Note from Carmi: If you're just joining us, this entry refers to the newspaper column I wrote after being smacked in the face by a road raging motorist earlier this week. The other blog entries in this series are:I hope someone in London reads his newspaper this morning. He might be not-so-pleasantly surprised to discover he's made the Op-Ed page. My column, Add irate motorists to cycling dangers, is in today's London Free Press.
Enjoy! Now, on with the journalistic show...
- #1 - Quite the adventure... (April 18)
- #2 - Paranoia (April 19)
- #3 - A subtle shift of power (April 21)
Thank you to everyone who has taken the time to e-mail me with your thoughts and kind wishes in the wake of this unfortunate incident. I'm happy to share with you that I'm perfectly fine, and am looking forward to seeing this individual be called to account for so violating the basic rules of society that are in place to protect us all.
This isn't even close to being over, and I'll keep you all updated as this moves closer to its logical conclusion.
Here's the published piece:
Add irate motorists to cycling dangers
Published April 20, 2005
The London Free Press
I ride my bicycle to work for a lot of reasons: save money on gas, preserve the environment, and get in shape. I hardly expect to be assaulted along the way.
But that's precisely what happened earlier this week, and that's precisely why I think it's time motorists and cyclists get real about their respective roles on London's – and any city's – roads.
My morning started out like most weekdays. I was cruising on a bike path, minding my own business and trying to keep out of harm's way. When I noticed that an approaching motorist was looking the other way while his car rapidly approached me, I yelled, loudly, for him to watch out.
Now, when you're on a bike, the first order of business is to ensure you are seen and heard. Drivers are surrounded by a few thousand pounds of steel, plastic and glass. Cyclists aren't. A minor fender-bender to a driver could be lights out for the cyclist.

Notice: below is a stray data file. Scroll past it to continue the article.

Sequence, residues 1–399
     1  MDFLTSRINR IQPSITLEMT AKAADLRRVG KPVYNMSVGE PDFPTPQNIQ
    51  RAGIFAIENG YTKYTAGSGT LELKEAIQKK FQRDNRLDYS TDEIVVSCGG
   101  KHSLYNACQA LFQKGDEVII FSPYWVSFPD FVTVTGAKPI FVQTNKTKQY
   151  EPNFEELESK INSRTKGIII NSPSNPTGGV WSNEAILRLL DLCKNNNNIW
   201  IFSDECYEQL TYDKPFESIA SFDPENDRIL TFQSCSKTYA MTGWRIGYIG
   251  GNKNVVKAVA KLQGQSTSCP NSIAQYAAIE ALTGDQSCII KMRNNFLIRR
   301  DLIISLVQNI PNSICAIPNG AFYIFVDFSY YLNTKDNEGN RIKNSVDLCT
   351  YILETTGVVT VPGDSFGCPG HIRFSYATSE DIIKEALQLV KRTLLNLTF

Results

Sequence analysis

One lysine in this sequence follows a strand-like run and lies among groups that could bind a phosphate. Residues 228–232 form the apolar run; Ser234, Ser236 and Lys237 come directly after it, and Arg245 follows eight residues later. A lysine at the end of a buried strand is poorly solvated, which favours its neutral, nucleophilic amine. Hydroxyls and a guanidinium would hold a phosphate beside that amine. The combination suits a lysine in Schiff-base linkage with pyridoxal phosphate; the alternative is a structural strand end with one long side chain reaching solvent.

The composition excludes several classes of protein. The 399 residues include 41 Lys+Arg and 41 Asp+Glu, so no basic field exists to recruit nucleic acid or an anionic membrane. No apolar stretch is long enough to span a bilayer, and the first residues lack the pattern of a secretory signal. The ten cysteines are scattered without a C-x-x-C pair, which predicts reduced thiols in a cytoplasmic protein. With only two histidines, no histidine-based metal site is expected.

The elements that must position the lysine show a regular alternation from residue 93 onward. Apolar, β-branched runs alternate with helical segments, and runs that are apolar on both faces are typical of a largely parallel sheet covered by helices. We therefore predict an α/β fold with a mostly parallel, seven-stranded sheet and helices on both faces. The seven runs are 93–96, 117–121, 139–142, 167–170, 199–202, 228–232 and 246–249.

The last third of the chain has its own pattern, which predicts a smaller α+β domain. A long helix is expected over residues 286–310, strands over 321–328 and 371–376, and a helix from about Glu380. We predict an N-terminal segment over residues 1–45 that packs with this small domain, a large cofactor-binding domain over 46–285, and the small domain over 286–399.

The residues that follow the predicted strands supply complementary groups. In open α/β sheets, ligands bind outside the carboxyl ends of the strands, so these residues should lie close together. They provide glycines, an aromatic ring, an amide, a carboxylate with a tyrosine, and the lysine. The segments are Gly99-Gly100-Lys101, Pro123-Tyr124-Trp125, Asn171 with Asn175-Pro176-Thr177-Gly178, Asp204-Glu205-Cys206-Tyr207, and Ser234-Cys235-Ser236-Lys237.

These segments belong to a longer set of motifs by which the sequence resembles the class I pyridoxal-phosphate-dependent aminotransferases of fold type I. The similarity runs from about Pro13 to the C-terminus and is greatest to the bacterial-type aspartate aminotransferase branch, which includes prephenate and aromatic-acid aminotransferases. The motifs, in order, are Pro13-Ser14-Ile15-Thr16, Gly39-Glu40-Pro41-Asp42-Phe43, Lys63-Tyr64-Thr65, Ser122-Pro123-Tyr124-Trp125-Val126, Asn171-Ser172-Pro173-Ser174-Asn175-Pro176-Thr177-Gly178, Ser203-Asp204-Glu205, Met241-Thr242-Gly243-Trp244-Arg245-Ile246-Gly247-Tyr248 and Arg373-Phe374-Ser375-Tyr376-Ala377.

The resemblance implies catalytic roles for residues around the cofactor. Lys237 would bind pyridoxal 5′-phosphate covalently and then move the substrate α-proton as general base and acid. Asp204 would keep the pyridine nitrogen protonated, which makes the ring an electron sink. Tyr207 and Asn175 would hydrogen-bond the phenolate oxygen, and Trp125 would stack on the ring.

The car braked quickly, and I continued past. The story should end here, except my newfound friend apparently decided I needed to be taught a lesson. He pulled onto the road, opened his passenger side window and began to berate me. Much of what he said can't be printed in this newspaper. But he did mention how he felt bikes shouldn't be allowed on the road.
I waved my hand and told him to go away. I am many things, but my lack of height, weight and musculature, combined with my general bookish nature have kept me out of fights for my entire life. Until then.
Things went from bad to worse as he exited his car, confronted me, and, after ignoring my requests for him to get back into his car, he punched me in the face and knocked my glasses to the ground. Note to Mom: this is why I always wear my helmet.
The police officer who responded was as professional as can be. What I remember most was how he gave me the option of letting this person off with a simple warning, or of pressing a charge.
I hardly have the time or the energy to put up with the hassle of going to court. Beyond my pride and some sting on my face, I wasn't really injured.
But the more I thought about it, the more I realized how differently this could have ended up. Had there been a weapon, or had this individual decided to continue his attack, I'd be writing this from a hospital bed. Or not at all. I decided the cycle that drove this individual to this point needed to be broken.
Clearly, I came across someone who doesn't think cyclists deserve their rightful place on the road network. I beg to differ, and Ontario's Highway Traffic Act, which defines a bicycle as a vehicle subject to the same rules as a car, is on my side.
But no amount of legislation can do you much good when a stranger threatens you with bodily harm. That there are those around us who would allow themselves to so rapidly lose control is frightening to my very core. And I simply cannot let it go.
All I'm trying to do is get to work in one piece. The fun factor is somewhat reduced by the number of Type A motorists who think nothing of yelling at me as they ride by. If I had a dollar for every time a driver has told me to get off the road, I'd have enough to buy a car. The intolerance saddens me, because I'd like to think London drivers are somewhat more enlightened than that. Maybe I was wrong.
Somewhere out there, someone sits and wonders if he could have behaved differently that morning. Perhaps the next time he gets behind the wheel, he'll give the cyclists around him a little more room to maneuver, and a little more respect.
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